After each snorkel, worn out and having lost my “land legs,” I’d stagger through the surf onto the beach, exhilarated and grinning, my body unsteady and my mind reeling from the incredible diversity and abundance of life I’d just emerged from. Tammy and I would collapse onto our beach chairs in the sunshine and compare notes and try to remember half of what we’d seen.

A specialist in marine life would, of course, recognized triple the number of animals compared to me. I especially am ignorant of many, many species of corals, all the many species of sponges, and many of the less-colorful fish species. But that’s the point: even being an amateur, you cannot help but notice how many kinds of life are there before your wondering eyes. Knowing a relative few of them (from guidebooks and, for me, four decades of doing this in Hawaii) nonetheless adds to the fun and the wonder.

Some of the fishes are truly weird. I recognized 5 species of the Wrass family, which is characterized by routine sex changes as they mature. In most wrasses, the young all begin as females. When the resident male dies or otherwise disappears, the dominant female in the area (usually, the largest one) undergoes physiological changes which culminate in her becoming—a male! She then takes up where the former male left off, busily doing his (now) best to fertilize the eggs of every female in the territory.

(From the point of view of an ardent human feminist, this would be a Kafkaesque nightmare: you feel sort of funny for several days, then wake up one morning as—cue anguished screams—a male, and promptly begin cussing, spitting, scratching your crotch, tinkering with cars, and all the other things human males are wont to do.)

When you think about it biologically, though, this strange process is a far superior way of allocating your sexes in a population. From a strictly reproductive viewpoint, a single male can fertilize the eggs of many females. Why waste your environment’s resources by having to support equal numbers of males and females? The wrasse way of doing things means you only get a male when you’ve lost the single one you had in a local population. (Some insect species achieve much the same result by making their diploid individuals (2 sets of chromosomes) all female, and only making a male when a female’s eggs are unfertilized and hence haploid (1 set of chromosomes)—which happens when you don’t have a male in the neighborhood during mating. But that’s a different story.)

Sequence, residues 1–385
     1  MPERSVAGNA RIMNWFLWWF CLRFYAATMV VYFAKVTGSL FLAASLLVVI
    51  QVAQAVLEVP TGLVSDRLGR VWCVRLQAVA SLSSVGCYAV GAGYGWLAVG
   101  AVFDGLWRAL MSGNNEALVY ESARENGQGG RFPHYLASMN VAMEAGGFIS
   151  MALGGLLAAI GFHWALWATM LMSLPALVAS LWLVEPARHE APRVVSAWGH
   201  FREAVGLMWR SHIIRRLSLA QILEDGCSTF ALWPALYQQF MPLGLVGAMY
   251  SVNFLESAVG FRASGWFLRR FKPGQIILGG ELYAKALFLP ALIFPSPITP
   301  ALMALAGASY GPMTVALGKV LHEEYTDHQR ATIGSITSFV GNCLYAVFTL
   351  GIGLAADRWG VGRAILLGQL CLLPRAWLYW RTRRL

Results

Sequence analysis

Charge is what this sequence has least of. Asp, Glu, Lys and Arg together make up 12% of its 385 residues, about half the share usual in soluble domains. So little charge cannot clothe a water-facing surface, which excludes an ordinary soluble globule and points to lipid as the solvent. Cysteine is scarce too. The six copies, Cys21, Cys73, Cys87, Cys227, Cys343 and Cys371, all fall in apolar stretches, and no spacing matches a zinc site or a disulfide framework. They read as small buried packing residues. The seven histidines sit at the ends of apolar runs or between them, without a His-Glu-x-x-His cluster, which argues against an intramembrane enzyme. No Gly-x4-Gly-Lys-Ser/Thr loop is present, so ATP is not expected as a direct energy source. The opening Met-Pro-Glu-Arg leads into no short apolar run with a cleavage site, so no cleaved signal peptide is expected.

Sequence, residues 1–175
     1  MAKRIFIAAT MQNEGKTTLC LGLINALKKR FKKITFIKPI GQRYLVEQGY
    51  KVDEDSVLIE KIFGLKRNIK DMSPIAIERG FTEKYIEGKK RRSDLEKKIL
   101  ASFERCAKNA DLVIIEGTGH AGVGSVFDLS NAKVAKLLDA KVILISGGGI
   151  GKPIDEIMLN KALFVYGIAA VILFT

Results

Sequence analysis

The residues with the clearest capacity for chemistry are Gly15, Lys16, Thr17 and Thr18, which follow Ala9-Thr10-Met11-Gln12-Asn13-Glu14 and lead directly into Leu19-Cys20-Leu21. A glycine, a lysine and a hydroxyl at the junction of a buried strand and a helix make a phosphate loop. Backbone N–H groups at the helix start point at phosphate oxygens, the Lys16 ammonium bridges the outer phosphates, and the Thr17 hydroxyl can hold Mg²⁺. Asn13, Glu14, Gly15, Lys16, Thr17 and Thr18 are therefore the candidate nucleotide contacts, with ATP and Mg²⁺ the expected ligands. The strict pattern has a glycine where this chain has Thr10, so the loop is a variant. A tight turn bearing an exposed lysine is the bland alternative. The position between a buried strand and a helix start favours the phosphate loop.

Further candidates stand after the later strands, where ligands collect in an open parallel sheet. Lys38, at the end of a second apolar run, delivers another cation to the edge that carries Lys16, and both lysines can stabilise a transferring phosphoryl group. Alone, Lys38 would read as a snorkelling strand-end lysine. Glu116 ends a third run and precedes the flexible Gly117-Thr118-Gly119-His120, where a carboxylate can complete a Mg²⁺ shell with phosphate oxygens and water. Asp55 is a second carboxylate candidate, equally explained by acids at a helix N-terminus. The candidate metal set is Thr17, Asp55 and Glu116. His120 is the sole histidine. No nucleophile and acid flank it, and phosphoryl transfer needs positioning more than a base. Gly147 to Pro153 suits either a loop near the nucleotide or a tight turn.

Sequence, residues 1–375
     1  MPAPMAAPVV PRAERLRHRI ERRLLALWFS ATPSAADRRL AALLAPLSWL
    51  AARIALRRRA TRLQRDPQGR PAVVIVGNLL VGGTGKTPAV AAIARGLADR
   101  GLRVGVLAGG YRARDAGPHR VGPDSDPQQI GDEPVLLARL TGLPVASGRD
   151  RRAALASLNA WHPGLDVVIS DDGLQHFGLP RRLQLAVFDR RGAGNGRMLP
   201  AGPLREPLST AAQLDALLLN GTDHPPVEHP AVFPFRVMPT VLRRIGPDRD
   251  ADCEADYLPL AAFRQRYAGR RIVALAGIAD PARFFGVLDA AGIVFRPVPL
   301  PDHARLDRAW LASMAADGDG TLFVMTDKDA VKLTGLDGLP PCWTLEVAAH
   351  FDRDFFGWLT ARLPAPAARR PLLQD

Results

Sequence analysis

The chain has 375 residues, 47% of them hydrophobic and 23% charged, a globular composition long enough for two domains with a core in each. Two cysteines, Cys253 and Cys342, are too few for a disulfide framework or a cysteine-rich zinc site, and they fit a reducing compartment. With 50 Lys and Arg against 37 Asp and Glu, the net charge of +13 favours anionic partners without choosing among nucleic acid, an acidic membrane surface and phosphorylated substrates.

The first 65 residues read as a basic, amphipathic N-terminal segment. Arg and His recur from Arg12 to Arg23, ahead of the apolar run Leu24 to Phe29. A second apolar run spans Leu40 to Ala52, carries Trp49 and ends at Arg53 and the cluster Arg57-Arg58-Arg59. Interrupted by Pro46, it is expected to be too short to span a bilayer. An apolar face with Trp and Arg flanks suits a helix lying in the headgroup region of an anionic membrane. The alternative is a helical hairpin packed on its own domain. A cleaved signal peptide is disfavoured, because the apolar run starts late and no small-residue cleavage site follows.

As if all this were not complicated enough in the Wrasse family, the males and females often have completely different appearances—leading some early biologists to declare them 2 distinct species. And of course there’s another complication, in that even the females, as they grow and mature as females, can change color and shape. Interesting fishes. The Parrotfish family has much the same features. I throw up my hands (figuratively) when I see a large, ponderous parrotfish (usually crunching coral) through my mask, and just register “parrotfish,” not even pretending to guess which of the always-appearance-shifting species I’m looking at.

Nearly all the fishes are spectacularly colorful, particularly in the Butterflyfish family (of whom I recognized 4 species). But during my first 3 snorkels on Maui this summer, the most enchanting fish I saw was a new one for me: the Pinktail Triggerfish, of which I saw a dozen or so on my Palauena beach excursion. This fellow, pictured above, has a deep, forest green body with a bright, yellow-green pectoral fin. Its tail spreads wide behind, white at its base and a fetching pink on its distal portion. But the most enchanting feature is its always-fluttering dorsal and anal fins, of a delicate grey-white translucent coloration rimmed in deep black. I caught my breath when I saw the first one, and spent several minutes hovering just several feet above the next pair I saw, particularly mesmerized by the constant ripples pulsating along the delicate, translucent dorsal and anal fins.